Motion Picture and Television Fund Chief Executive Officer Bob Beitcher admitted to TheWrap on Friday that talks with Providence Health & Services have collapsed, but said that a new deal with another partner to take over operations of the fund’s longterm care facility may be announced this month.
“We’re staying open,” Beitcher told TheWrap. “We’re honoring that commitment, but we’ve moved to a plan B, and I think plan B is very viable and may be even better than A was.”
He said that negotiations with the healthcare provider to take on operational and financial responsibility for the money-losing facility went south by Labor Day — a fact that the MPTF did not want to acknowledge until it had another deal in place.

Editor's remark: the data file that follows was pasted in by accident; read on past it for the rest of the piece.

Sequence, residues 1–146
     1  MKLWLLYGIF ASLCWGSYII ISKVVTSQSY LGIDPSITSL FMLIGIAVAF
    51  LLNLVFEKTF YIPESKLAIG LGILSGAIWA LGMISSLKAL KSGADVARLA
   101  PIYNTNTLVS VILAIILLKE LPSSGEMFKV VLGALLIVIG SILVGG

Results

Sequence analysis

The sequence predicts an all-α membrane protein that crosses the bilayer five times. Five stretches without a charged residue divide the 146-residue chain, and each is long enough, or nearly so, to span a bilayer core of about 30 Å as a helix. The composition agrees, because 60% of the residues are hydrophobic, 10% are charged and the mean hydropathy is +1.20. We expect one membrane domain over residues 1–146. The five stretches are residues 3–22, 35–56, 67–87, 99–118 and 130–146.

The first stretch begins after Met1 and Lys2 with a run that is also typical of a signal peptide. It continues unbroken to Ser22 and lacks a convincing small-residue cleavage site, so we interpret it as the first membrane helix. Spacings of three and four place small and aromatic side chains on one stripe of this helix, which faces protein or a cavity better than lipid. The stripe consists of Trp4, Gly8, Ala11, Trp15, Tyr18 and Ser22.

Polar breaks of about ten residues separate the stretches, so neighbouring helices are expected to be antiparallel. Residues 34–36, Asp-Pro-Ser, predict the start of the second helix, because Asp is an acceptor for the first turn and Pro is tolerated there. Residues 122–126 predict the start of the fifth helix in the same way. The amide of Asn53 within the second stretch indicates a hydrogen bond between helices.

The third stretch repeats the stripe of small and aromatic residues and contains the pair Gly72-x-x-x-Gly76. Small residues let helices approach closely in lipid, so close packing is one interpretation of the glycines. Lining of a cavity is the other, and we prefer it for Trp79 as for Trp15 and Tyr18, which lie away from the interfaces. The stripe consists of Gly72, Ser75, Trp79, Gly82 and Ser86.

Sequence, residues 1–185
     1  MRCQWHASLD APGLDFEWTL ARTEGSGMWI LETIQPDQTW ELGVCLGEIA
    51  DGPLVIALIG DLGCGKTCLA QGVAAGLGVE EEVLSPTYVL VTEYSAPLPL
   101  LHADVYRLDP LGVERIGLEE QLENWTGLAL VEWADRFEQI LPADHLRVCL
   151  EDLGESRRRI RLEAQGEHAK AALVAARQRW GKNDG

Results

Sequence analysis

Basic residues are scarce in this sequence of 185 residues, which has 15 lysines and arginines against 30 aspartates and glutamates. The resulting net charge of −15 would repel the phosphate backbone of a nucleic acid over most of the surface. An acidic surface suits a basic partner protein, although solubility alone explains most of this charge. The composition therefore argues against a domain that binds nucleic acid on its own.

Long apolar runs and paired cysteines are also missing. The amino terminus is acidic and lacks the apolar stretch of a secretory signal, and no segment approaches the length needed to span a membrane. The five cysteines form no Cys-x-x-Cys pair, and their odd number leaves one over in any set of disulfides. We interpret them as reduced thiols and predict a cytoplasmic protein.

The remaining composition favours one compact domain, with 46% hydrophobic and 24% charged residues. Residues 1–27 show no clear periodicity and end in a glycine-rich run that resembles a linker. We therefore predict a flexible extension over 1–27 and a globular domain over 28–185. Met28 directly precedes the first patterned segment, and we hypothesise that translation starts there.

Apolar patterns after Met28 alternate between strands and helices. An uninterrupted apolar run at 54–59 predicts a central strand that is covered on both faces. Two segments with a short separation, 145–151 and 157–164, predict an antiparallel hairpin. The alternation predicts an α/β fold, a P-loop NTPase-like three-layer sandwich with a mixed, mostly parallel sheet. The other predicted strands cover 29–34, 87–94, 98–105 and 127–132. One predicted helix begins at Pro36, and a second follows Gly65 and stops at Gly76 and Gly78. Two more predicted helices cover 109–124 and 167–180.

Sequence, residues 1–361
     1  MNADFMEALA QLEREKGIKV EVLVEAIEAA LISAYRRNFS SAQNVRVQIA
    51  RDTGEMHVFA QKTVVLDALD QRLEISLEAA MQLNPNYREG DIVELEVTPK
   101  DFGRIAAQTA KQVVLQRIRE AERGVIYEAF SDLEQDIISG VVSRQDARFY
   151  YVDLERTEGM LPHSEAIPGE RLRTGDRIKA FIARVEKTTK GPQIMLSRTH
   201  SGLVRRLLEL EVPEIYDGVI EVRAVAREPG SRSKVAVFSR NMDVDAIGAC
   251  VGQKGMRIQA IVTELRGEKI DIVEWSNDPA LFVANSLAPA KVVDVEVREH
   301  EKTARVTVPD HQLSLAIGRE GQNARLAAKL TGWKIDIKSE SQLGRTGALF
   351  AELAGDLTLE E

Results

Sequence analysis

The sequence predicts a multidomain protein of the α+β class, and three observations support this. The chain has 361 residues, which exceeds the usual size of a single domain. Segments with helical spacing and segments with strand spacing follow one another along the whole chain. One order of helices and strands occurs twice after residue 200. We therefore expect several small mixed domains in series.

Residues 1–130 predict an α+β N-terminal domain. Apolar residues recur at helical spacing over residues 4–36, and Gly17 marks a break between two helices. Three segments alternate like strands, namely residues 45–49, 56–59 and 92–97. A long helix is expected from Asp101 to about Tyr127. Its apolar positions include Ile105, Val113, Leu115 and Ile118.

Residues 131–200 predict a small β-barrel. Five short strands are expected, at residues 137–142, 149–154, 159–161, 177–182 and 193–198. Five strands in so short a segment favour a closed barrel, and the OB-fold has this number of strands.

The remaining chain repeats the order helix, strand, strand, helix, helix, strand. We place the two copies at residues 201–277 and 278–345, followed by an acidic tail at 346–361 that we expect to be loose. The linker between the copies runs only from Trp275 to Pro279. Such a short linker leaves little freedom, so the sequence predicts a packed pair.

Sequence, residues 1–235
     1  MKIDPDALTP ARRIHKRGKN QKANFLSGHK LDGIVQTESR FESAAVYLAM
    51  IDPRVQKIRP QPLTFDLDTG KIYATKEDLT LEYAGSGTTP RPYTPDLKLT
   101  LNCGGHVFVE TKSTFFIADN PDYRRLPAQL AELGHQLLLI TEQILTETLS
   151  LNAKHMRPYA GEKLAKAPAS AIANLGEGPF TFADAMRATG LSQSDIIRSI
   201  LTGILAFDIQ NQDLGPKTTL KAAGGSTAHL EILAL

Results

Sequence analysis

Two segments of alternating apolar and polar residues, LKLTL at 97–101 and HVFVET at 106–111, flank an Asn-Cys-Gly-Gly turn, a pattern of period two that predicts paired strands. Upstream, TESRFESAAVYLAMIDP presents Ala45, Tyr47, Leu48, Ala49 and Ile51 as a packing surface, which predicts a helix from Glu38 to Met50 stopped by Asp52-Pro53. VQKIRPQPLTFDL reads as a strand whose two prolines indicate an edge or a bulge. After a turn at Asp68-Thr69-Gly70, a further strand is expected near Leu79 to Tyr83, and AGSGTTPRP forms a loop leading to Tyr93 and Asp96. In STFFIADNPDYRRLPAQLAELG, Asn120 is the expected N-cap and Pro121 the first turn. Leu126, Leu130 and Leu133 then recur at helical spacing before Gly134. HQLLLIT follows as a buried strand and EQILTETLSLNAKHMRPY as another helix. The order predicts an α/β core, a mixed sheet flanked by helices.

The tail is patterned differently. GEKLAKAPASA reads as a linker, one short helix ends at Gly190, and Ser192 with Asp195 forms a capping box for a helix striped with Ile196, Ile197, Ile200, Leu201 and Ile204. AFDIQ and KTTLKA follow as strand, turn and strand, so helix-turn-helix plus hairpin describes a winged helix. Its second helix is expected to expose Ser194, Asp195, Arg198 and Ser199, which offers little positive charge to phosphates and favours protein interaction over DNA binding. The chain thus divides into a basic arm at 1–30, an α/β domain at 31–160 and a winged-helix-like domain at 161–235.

Ultimately, Beitcher said that Providence could not find a way to make the numbers work. When the MPTF announced its plans to shutter its longterm care arm in 2009, it said it was bleeding money at a rate of $10 million a year.
“People didn’t want to believe us when we said this was about money, but Providence spent six or seven months trying to figure out how to make it work, and they couldn’t,” Beitcher said.
Though Providence couldn’t come up with a solution, Beitcher said he is confident that a new partner will find a viable plan.
“We’re pretty close to something, but unfortunately we’re not close enough to announce something,” Beitcher said. “Talks are still fragile.”
He said that a new deal to keep the longterm care operations up and running would be similar in scope to the one outlined in the letter of intent MPTF signed with Providence last spring.
Under the terms of the proposed agreement, Providence was to sign a long-term lease for the MPTF hospital facilities. State licenses for the 250-bed hospital were then to be transferred to nearby Providence Tarzana Medical Center.